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    2. Obviously there should be some experience to viewing the original that viewing photos and reproductions just can't match. Why buy the original then? But if it's a good painting compositionally, colour-wise, subject-wise, etc, then people will appreciate the reproduction too.

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    3. I didn't see Multiplicity because Michael Keaton will always be Batman to me.

      I totally ripped off your blog and asked about prints on Facebook, and got a smackload of different responses.

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  2. Great points you've made here. I've always thought of making prints, but have been brain washed to thinking that was a bad idea. Thanks for breaking it down for us and showing the obvious pros and positive aspects of print world. cheers!!

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  3. Kate this is a really good post. I have had a gallery tell me pint blank that they would not represent me if I sold prints,and a previous gallery owner told me that I should sell in multiple price points to be democratic. Democratic, my ass, easy for him to say when he only had to sell the work, not spend days and weeks on it. I resolved the multiple price points by doing paintings in a variety of sizes and selling drawings as well. I will be curious to see how your prints do. I was thinking my painting "The Bribe" would make an awesome iPad cover! Is that going too far? What I have learned from all this time in the business is that artists need to protect themselves with multiple income streams.I think you deserve to be fabulously wealthy, Dave deserves to be kept in style!

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    1. Terry, you are a wealth of professional information and ideas. I don't think an iPad cover is too far, but then again, this past year has completely reframed money for me. I just don't know where this idea that prints are bad comes from. GRRR!!

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  4. You are right, I think the time has come for that to change. Probably the idea comes because the profit is for the artist and not the dealer. With new archival inks it should be less of an issue with artists. We know they won't outlast an original, or replace an original and don't expect them to. Changing the galleries minds may take a little longer.

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  5. Excellent post. I really love this blog! Informative as it is entertaining! Thank you both.

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  6. Very thought-provoking. Some negotiating is probably at hand.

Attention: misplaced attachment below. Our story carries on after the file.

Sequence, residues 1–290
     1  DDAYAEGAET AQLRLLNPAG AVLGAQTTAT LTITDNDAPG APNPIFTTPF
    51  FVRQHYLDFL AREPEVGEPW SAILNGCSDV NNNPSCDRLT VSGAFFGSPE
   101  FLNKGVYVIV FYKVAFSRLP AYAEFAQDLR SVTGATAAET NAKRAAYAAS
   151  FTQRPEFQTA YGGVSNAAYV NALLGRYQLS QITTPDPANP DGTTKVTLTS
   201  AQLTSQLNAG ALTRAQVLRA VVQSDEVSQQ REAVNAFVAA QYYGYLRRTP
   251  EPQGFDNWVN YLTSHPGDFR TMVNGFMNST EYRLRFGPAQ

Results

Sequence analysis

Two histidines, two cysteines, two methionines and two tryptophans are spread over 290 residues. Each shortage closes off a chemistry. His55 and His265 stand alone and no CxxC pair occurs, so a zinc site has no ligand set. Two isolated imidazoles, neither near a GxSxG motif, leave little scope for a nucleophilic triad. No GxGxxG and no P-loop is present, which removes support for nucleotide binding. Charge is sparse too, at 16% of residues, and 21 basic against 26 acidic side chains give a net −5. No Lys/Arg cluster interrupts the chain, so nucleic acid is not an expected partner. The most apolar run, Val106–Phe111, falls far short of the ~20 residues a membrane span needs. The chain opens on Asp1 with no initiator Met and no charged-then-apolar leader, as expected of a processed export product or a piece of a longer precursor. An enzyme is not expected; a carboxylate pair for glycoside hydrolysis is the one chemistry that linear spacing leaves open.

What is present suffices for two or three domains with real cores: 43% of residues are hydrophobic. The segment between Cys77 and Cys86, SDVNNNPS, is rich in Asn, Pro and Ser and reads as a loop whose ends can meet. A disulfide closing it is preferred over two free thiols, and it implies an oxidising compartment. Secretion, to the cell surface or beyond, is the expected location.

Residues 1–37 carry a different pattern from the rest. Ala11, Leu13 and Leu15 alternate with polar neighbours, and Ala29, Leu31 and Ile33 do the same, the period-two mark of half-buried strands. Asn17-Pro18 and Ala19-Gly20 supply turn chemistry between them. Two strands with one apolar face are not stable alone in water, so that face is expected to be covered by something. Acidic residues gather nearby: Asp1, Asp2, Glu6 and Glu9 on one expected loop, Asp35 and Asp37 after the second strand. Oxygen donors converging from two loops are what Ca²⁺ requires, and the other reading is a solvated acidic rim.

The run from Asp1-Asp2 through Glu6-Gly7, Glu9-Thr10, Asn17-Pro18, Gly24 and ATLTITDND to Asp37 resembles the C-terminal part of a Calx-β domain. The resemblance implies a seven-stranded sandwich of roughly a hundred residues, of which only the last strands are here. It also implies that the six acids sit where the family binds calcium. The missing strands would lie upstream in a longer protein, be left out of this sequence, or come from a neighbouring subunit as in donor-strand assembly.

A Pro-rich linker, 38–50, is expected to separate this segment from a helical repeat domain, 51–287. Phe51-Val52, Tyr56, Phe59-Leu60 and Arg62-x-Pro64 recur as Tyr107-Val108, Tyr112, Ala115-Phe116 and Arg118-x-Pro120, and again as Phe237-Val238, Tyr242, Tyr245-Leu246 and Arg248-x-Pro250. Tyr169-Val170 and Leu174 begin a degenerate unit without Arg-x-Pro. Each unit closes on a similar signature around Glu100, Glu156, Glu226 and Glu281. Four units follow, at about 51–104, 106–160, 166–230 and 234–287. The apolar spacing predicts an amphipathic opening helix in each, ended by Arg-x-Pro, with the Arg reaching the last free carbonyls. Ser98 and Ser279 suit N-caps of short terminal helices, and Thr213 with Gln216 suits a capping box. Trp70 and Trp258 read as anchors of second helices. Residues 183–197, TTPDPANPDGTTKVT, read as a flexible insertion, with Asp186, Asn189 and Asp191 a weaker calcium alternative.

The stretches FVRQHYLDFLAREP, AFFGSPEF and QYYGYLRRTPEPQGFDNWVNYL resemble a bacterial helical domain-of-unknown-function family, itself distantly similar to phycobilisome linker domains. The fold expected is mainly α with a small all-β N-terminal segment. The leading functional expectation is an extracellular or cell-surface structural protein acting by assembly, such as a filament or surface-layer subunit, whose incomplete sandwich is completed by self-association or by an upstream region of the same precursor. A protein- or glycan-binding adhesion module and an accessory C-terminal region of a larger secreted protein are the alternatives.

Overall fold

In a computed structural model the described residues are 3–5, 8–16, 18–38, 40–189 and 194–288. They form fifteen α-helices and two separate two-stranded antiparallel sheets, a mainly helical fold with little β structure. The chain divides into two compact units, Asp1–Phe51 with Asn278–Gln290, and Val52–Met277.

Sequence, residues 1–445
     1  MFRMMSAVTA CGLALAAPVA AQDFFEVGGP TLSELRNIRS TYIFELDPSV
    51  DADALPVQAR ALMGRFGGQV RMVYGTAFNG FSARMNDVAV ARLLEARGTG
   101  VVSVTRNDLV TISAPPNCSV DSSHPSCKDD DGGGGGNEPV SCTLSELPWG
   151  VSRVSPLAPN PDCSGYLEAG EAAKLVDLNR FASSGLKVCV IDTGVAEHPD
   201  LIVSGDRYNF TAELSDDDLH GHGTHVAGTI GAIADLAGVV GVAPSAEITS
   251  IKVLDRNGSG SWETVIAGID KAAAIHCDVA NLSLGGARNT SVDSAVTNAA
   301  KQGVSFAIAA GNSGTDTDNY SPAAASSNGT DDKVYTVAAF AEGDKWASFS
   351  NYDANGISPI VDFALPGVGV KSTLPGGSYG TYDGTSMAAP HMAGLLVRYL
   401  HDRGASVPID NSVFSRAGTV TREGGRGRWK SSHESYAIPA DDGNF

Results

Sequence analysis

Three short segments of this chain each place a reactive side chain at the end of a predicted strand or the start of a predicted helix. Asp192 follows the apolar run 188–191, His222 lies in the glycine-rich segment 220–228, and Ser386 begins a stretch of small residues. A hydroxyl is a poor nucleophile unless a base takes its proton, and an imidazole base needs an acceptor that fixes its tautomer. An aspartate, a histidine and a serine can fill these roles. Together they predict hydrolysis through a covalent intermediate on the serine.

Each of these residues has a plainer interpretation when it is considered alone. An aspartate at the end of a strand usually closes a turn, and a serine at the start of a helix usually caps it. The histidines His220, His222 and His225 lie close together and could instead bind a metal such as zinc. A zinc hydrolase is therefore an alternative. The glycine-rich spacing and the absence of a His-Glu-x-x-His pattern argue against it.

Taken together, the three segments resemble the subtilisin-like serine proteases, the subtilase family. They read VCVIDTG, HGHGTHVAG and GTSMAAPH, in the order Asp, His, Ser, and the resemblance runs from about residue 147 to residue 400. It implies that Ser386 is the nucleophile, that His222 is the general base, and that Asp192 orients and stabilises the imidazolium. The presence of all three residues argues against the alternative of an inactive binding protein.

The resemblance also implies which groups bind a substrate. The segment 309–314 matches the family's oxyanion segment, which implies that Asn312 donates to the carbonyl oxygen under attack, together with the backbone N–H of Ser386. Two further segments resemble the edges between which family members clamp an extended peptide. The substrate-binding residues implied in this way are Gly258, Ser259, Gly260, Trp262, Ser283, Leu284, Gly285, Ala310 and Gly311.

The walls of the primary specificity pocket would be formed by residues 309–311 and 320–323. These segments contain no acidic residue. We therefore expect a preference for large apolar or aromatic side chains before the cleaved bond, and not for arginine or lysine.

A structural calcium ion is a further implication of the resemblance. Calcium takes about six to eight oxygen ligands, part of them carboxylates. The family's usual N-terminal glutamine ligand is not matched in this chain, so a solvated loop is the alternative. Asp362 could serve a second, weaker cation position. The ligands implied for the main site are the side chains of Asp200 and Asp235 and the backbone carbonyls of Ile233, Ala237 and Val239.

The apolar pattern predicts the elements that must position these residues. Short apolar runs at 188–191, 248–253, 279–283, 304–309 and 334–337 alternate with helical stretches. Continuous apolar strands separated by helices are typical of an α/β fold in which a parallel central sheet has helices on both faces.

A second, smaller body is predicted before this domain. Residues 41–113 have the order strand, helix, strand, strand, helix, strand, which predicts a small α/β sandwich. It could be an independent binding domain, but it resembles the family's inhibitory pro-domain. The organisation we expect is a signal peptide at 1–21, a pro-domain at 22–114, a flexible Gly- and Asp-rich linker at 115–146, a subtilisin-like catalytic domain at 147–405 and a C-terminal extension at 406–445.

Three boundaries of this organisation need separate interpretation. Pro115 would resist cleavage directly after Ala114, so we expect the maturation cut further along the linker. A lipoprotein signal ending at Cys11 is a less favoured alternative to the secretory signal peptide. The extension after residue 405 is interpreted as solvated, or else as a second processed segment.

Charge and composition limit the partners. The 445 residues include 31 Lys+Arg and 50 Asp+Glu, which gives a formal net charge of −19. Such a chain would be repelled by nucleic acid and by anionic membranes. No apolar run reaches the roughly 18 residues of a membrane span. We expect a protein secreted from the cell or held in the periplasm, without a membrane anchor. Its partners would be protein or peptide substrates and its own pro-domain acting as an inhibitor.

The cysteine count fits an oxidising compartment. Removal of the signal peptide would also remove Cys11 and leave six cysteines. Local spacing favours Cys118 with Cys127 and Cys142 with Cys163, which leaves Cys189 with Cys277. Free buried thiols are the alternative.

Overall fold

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  7. 2 points: of course sell prints. Its not like making a living as an artist is easy... also you fucking made the picture, so get full value from your efforts. Second point: "Giclee" is just an arty-smarty term used to separate dumb old ladies from their cash (and artists from their profit)to keep you feeling good about the costs. Its just an ink-jet print... no different than your Epson can do. You can buy your own 13X19 printer and "fine art" papers and make your own.

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    1. Dude, you're so right on both points. No one even calls them giclees anymore, but I think it's hilarious to hear people pronounce the word.

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  8. JEEE....KLAYYY Madame Stone. Avec un croissant?

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  9. I know a fine art printing company who does among other things fin art giclee open and numbered editions with great success. His equipment includes a machine made in Israel (with 12-color jets, which at the time I toured the facility was top of the line). I had made some home jobs before exploring this option and IMHO what I saw is superior over other popular types such as (Iris)printing said to fade in 2 years. This company claims to only use inks that are tested for permanency and all giclees include a final varnishing as desired if printed on canvas-like surface instead of paper. Even with paper they were gorgdeous with deckled edges and intaglio plate marks on acid free luxurious papers. I have hired them to make giclees and when proofing, I hold the original beside of the proof for identical matching. And he tweaks it to perfection. There is some merit to the hiring a company specializing in this over trying to do it at home with a 4-color jet job. This compnay has entered industry competitions and placed for consecutive years in top prizes judged by knowledgeable peers in the fine art printing sector from across the US. Also this co is family run by three generations of award winning technicians. I'm am far from a top eschalon client but I am out of their area and if I call they go out of their way to dedicate a day to perfecting my setup, proofing and supplying a few printed to perfection for framing and sales prep, same day!

    As for selection, I would suggest to post works on Fine Art America or similar site with a lot of browsers, where you can see public votes/hit activity on regular basis, to get good idea of which images have appeal in which demographic. Thanks for expressing these facts and opinions about prints. This prejudice is long overdue for a re-shaping. Juat as with originals you have different qualities of printers, surfaces, add-on services, like direct distribution and instant ordering. Gone are the days you had stacks of unsold prints with no way to recoup the investment if you chose a dud or skills changed for the better and item was strategically removed from the market. The art market has different levels of 'appreciators' and the neophyte who plasters an oversized poster in the dorm room has an evolution --let them get in the food chain wiht what taste and budget they have at the time they make their decision. I love it when original sell but I see giclee as a big business card getting the art name out there to a few more than occurred yesterday. We have to get the work out and get some notariety--so why not with giclees?

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  10. mahalos for a rational approach instead of a knee-jerk reaction - i went through the same sequence of thought and agree with you 100% - joined Fine Art America where no inventory is necessary (print on demand) and just had my first sale.